What Led Me to Write
Panama Fever: Digging Down Gold Mountain and White Gold
I was always drawn to the written word, from my early childhood in Los Angeles, and then from when my parents brought me back to live in their native Jamaica when I was nine years old. However it was music, my first love, that blessed me, as I enjoyed a long and successful career as a violinist playing solo concerts, Broadway, opera, and for jazz, classical and commercial recordings and Hollywood films. Yet for all those years the 'writing bug' never left me. No matter how hungrily I read, there were always other stories vexing my brain and tormenting my heart, desperate to be heard. The telling cry would come after my father died and I returned to Jamaica.
As I sorted through my father's papers I discovered that my grandfather – a man I knew virtually nothing of, and had never met – had been a railroad engineer in Panama during the early years of the 20th century, and that my father had actually spent some time in Panama as a very young child. While this discovery was the catalyst which sent me in search of the valiant characters who left their West Indian families and risked their lives to help build the world's most famous canal, the early seeds of my interest in Panama came from Marcus Garvey's widow, Amy Jacques Garvey, who first told me of the heroic men and women who helped to build and maintain the historic Panama Canal over many decades.
I was a scruffy schoolboy living in Kingston when Mrs. Garvey used to invite me for tea. She had recently finished Garvey and Garveyism, her loving biography of her distinguished husband and her memories of his work and their dramatic life together were like vivid crystal. She was clearly pleased by my eagerness to hear her stories about my famous relative and seemed determined that I grasp both the essence and the complexities of her great man. I remember her stressing that it was the abuse of his Jamaican countrymen working in Panama that convinced Marcus Garvey to start the Black nationalist movement that would finally “destroy the old slave mentality.” She was adamant that although it took French brains and American money to conceive the Panama Canal, it was West Indian sweat and blood that built it, something which the world at that time refused to acknowledge. Looking back, I now realize that my two novels of the Panama Canal construction are in some small way my thank you to dear Amy Jacques for those inspiring afternoon teas.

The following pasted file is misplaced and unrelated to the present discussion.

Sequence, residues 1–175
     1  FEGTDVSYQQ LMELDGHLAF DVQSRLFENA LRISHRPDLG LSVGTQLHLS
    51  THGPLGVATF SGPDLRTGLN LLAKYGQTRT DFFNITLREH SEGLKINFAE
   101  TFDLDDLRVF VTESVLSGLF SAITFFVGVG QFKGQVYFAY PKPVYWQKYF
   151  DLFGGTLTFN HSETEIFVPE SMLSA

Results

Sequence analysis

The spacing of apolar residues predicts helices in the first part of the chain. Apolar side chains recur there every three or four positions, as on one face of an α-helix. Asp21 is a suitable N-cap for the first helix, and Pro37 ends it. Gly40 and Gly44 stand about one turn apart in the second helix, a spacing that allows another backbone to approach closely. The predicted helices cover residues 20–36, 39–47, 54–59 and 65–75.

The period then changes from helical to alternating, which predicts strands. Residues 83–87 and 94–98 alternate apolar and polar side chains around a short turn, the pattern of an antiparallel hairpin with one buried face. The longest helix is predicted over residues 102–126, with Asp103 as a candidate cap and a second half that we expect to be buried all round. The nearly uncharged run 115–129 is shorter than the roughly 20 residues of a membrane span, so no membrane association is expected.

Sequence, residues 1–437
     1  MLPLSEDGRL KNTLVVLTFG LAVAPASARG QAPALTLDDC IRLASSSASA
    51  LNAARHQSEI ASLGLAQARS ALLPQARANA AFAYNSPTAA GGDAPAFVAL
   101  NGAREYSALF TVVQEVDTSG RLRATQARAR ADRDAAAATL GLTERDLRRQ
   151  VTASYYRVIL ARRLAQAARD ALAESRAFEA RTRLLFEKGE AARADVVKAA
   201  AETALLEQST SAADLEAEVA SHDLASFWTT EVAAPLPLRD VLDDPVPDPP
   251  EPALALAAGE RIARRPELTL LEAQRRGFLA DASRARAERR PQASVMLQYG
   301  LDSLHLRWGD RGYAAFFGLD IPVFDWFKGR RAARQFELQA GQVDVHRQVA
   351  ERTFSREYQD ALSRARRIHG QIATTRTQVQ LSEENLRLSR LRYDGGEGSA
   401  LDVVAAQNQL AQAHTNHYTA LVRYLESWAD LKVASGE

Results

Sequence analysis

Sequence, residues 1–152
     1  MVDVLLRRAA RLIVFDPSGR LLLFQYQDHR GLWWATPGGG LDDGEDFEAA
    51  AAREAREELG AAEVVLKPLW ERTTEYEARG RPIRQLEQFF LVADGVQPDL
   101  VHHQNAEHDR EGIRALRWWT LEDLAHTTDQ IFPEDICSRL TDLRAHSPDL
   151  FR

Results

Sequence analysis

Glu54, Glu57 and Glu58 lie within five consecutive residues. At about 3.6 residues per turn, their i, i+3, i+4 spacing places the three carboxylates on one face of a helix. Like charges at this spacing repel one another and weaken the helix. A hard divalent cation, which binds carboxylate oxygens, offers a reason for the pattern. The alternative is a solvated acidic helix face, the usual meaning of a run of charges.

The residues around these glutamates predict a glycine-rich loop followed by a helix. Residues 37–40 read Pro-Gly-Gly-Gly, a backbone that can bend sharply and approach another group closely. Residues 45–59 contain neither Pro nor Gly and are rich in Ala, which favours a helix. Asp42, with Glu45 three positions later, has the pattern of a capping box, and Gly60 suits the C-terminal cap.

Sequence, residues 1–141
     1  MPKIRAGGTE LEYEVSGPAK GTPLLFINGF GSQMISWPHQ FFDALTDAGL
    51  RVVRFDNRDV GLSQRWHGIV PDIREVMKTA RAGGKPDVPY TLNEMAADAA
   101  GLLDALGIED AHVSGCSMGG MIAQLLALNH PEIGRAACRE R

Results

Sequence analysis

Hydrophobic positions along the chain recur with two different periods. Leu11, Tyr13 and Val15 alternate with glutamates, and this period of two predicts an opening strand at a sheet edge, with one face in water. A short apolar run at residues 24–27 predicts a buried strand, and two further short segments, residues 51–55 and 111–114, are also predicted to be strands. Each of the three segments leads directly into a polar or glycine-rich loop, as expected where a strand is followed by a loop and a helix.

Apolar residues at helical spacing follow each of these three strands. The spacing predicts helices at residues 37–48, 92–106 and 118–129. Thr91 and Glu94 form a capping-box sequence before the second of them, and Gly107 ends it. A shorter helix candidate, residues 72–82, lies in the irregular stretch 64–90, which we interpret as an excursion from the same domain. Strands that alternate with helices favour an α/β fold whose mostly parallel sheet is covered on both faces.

Before I learned about my grandfather’s work in Panama I had assumed that the Jamaicans and other West Indians working on the canal had all been common laborers. As I would discover, the symbiotic tie between the isthmus and Jamaica dated from the 1840’s when the California Gold Rush spurred North American investors to build the Panama Railroad. Jamaica, being close by and inhabited by underemployed English speakers, became a handy source of cheap labor. By the time the French began their failed canal effort in the 1880s, there was a ready pool of workers to enlist, not only as diggers but also as stenographers, cooks, carpenters, mechanics and engineers.
I originally conceived Panama Fever and White Gold as one book, covering both the French and American periods. But the more I learned about those courageous men and women who left their loved ones to work in Panama and the depth and variety of their experiences, the more I realized that in order to properly tell their stories, I would need to write two books: Panama Fever: Digging Down Gold Mountain, which covers the period when the French tried to dig a sea level canal and failed, and White Gold, covering the period when the Americans took over the construction and lifted the canal over the Continental Divide but also introduced Jim Crow laws to the Canal Zone.
In a break from my two part tale of the Panama Canal construction, my new project, tentatively called Crossed Hearts, moves to the United States in 1962 during the rising tensions that would precede the long-pursued 1964 Civil Rights Act. Based loosely on my parents' experiences following their arrival in the United States from Jamaica in 1946, becoming U.S. citizens, and my own memories of the drive we took across the country from Los Angeles to Miami as they returned home to Jamaica in time to celebrate their island's independence from British rule in August 1962. The story interweaves their experiences, from their early struggles in New Orleans where my father attended university after giving up his successful pharmacy practice in Kingston, to New York, Canada and finally to Los Angeles where they settled, with the experience of their 9-year-old son during the family's Southern trek across country as he struggles to understand the rising tension between his parents as a once happy marriage dissolves in bitterness over the two week journey.